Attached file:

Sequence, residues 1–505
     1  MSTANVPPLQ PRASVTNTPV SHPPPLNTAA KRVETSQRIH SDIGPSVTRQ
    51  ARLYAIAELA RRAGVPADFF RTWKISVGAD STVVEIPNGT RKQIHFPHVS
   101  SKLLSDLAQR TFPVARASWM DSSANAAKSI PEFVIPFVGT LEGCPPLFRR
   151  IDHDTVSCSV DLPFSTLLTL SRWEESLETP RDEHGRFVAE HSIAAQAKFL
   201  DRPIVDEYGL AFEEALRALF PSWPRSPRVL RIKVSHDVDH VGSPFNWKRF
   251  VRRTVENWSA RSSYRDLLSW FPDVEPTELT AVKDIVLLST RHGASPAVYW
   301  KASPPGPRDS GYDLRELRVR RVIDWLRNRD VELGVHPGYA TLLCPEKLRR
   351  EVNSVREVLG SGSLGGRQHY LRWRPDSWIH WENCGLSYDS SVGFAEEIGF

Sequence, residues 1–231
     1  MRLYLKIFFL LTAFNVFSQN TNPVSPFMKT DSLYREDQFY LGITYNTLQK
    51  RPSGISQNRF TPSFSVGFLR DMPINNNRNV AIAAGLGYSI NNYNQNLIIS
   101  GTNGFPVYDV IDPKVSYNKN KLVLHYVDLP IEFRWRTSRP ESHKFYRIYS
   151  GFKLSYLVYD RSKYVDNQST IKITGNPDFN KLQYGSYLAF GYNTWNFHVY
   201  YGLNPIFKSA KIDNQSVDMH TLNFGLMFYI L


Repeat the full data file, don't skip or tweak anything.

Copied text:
Sequence, residues 1–505
     1  MSTANVPPLQ PRASVTNTPV SHPPPLNTAA KRVETSQRIH SDIGPSVTRQ
    51  ARLYAIAELA RRAGVPADFF RTWKISVGAD STVVEIPNGT RKQIHFPHVS
   101  SKLLSDLAQR TFPVARASWM DSSANAAKSI PEFVIPFVGT LEGCPPLFRR
   151  IDHDTVSCSV DLPFSTLLTL SRWEESLETP RDEHGRFVAE HSIAAQAKFL
   201  DRPIVDEYGL AFEEALRALF PSWPRSPRVL RIKVSHDVDH VGSPFNWKRF
   251  VRRTVENWSA RSSYRDLLSW FPDVEPTELT AVKDIVLLST RHGASPAVYW
   301  KASPPGPRDS GYDLRELRVR RVIDWLRNRD VELGVHPGYA TLLCPEKLRR
   351  EVNSVREVLG SGSLGGRQHY LRWRPDSWIH WENCGLSYDS SVGFAEEIGF

Sequence, residues 1–231
     1  MRLYLKIFFL LTAFNVFSQN TNPVSPFMKT DSLYREDQFY LGITYNTLQK
    51  RPSGISQNRF TPSFSVGFLR DMPINNNRNV AIAAGLGYSI NNYNQNLIIS
   101  GTNGFPVYDV IDPKVSYNKN KLVLHYVDLP IEFRWRTSRP ESHKFYRIYS
   151  GFKLSYLVYD RSKYVDNQST IKITGNPDFN KLQYGSYLAF GYNTWNFHVY
   201  YGLNPIFKSA KIDNQSVDMH TLNFGLMFYI L